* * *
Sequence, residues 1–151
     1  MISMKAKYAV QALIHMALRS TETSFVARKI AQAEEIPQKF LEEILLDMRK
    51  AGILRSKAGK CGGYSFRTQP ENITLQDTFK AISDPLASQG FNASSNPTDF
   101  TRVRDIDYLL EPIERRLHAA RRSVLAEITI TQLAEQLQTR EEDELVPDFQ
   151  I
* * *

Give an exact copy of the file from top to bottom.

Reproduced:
Sequence, residues 1–151
     1  MISMKAKYAV QALIHMALRS TETSFVARKI AQAEEIPQKF LEEILLDMRK
    51  AGILRSKAGK CGGYSFRTQP ENITLQDTFK AISDPLASQG FNASSNPTDF
   101  TRVRDIDYLL EPIERRLHAA RRSVLAEITI TQLAEQLQTR EEDELVPDFQ
   151  I